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Event Report: Leading Self-Organising Teams

At the October SUGSA meeting Peter Hundermark shared his views on how to lead self-organising teams, along with some honest experiences of his successes and failures and growth in understand as to what self-organisation actually means to how an organisation needs to change as a whole.  The key to success seems to be in understanding organisations.  Peter’s partnership with Dr Sigi Kaltenecker, a seasoned organisational coach, has led him to better understand organisations and organisational change.  Over the years they have partnered to build a model for leading self-organising teams and the organisational change to support them.  Peter touched a little on this model and on the classic examples of what self-organisation is about.

Some key things that stood out to me were:

  • The reminder that any self-organising team needs a facilitator in order to work properly.  This is to help avoid a single leader from surfacing and potentially dominating the team, destroying its self-organisation.
  • Trust is a key factor – on all levels.  Without trust it is hard to enable a self-organising team.
  • Middle Managers need to become change agents focused on maintaining the change to allow self-organisation.  The common scenario is that upper management and/or the development teams becoming deeply involved in trying to adopt the new agile way of working.  Too often middle management isn’t focused on.  However they are key in order to aid and promote the change.  While we often succeed in giving a safe space for the team to fail – we too often don’t give that same safe space for middle managers to fail.  As a result a lot of the transition doesn’t get supported in the middle of the organisation.  In order to succeed with self-organisation – all levels of the organisation need to be supported and be able to fail and learn.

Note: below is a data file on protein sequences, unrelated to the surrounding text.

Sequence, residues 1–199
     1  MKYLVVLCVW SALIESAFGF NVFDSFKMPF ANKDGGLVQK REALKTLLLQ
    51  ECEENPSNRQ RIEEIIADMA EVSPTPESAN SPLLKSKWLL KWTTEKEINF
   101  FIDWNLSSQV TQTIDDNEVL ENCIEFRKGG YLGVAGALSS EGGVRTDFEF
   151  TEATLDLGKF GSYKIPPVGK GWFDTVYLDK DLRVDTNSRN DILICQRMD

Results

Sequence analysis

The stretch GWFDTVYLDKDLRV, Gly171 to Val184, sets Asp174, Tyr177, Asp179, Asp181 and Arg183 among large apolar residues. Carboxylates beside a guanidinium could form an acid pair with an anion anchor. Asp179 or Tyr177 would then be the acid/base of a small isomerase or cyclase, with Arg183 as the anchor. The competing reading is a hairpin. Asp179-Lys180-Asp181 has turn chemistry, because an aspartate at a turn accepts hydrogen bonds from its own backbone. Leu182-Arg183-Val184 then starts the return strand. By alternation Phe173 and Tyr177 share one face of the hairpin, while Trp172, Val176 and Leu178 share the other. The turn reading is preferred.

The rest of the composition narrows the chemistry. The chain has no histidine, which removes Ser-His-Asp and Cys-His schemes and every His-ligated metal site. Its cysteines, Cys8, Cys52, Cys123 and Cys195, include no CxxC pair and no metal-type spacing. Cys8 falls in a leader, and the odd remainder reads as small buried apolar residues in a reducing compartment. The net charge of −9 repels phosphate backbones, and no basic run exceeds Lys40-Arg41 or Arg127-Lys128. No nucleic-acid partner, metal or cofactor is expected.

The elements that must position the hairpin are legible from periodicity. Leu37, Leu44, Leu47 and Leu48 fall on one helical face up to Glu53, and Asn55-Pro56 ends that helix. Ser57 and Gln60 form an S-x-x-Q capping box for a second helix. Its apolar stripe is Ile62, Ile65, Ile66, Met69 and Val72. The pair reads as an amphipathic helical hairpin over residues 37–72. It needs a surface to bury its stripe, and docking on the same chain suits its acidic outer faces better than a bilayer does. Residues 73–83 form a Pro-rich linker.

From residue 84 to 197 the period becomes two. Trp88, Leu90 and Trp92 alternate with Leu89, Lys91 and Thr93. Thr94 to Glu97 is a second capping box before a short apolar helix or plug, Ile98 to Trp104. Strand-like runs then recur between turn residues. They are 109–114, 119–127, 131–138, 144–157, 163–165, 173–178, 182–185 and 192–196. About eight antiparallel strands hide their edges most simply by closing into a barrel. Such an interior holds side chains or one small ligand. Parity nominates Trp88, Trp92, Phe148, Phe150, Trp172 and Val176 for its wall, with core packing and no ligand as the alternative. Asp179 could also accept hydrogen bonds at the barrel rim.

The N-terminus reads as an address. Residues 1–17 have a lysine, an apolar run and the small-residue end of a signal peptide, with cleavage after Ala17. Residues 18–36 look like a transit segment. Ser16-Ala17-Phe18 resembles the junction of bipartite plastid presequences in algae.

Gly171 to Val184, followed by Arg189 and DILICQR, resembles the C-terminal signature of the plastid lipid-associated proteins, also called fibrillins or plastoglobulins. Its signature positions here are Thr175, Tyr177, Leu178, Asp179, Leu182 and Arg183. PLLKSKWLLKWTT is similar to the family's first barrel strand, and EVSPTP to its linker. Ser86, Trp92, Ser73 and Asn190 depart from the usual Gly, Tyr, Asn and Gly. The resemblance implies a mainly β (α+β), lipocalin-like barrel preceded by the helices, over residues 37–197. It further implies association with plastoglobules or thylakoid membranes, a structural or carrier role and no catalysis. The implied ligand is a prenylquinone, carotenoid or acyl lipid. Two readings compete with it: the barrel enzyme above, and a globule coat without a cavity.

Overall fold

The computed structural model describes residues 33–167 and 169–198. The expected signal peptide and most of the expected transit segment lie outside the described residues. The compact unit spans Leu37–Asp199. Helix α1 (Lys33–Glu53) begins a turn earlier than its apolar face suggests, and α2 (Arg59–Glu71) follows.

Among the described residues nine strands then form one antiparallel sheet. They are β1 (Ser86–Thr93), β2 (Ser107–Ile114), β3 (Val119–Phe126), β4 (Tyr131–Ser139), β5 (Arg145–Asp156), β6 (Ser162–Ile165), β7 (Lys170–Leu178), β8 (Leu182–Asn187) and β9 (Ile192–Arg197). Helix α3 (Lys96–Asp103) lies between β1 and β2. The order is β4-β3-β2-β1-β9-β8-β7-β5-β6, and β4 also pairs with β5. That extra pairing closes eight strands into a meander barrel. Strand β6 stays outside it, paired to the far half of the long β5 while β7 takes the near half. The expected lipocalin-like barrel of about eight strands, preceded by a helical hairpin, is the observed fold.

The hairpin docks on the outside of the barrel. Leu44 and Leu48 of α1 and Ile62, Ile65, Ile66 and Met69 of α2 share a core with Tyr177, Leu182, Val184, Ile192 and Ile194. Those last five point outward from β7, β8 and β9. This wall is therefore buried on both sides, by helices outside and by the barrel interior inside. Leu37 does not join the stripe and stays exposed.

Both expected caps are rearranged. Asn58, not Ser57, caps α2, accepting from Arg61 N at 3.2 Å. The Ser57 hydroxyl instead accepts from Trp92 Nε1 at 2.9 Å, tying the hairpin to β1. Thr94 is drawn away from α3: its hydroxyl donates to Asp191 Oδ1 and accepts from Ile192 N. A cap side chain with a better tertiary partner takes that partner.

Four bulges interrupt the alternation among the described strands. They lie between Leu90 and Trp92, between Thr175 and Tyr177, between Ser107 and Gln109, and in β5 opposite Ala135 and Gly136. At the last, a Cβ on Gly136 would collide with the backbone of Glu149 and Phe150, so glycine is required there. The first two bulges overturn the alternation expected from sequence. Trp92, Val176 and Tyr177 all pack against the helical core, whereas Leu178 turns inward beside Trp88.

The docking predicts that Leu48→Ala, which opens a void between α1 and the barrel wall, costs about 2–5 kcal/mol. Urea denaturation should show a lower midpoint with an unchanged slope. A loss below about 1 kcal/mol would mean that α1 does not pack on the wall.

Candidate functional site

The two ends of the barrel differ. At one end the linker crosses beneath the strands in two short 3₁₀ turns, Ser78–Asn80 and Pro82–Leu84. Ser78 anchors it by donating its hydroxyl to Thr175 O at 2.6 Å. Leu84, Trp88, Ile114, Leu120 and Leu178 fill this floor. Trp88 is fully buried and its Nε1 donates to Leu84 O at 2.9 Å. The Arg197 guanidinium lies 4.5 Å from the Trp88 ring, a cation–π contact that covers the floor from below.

It was great to hear some new insights on self-managing teams – and to be reminded of the ones that we already knew.  It was also interesting to get a taster of the model that is being taught by Sigi and Peter in their course.

We adjourned as usual for drinks and snacks afterwards – yet another SUGSA event enjoyably completed.

Event Report: Retrospectives – Get Better at Getting Better.

It was a cold and wet night, but many people still made it out to participate.  Many thanks to Cara for facilitating this discussion into retrospectives and for sharing her knowledge and learning from her experiences.

The flow of the sessions was standard retrospective style.   The agenda was laid out and we got down to the business of group discussion.

We broke into 6 groups to focus on the 6 parts of the retro.   But first – the whole group brainstormed the outcomes and the key factors for a successful retrospective.

We then brainstormed in our six groups – each on a board focusing on one of the stages of the retrospective.

After gathering the data, we each had 1 minute per board to read the boards – and then to dot vote the board of most interest / issue to you.  Each person had 2 dots.  We dug into the actions board and then started a more general Q&A which dug into some of the other boards.

So what we generated for the stages of the retrospective are below:

Everyone learnt something new and many learnt a lot new.  Many thanks again to Cara for sharing her experiences and facilitating the discussions.